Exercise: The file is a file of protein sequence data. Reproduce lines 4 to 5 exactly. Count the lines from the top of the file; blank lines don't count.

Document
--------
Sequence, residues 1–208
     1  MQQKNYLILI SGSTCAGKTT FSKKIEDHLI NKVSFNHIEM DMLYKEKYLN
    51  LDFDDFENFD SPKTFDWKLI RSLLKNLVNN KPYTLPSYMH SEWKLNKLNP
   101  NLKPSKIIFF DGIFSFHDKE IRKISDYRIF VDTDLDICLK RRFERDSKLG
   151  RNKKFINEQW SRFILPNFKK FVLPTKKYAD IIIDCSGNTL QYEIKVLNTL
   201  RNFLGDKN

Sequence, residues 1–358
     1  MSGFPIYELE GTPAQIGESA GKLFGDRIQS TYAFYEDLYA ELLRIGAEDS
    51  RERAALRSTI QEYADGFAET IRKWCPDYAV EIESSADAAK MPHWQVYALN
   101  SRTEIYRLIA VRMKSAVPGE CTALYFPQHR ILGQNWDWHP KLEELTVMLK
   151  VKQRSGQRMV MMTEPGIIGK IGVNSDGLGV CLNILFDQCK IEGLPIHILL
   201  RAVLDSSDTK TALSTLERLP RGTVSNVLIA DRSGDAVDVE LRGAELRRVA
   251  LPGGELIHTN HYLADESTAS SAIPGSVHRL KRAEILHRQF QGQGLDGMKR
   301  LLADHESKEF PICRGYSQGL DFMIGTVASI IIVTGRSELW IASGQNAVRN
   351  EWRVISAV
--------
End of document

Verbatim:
   101  NLKPSKIIFF DGIFSFHDKE IRKISDYRIF VDTDLDICLK RRFERDSKLG
   151  RNKKFINEQW SRFILPNFKK FVLPTKKYAD IIIDCSGNTL QYEIKVLNTL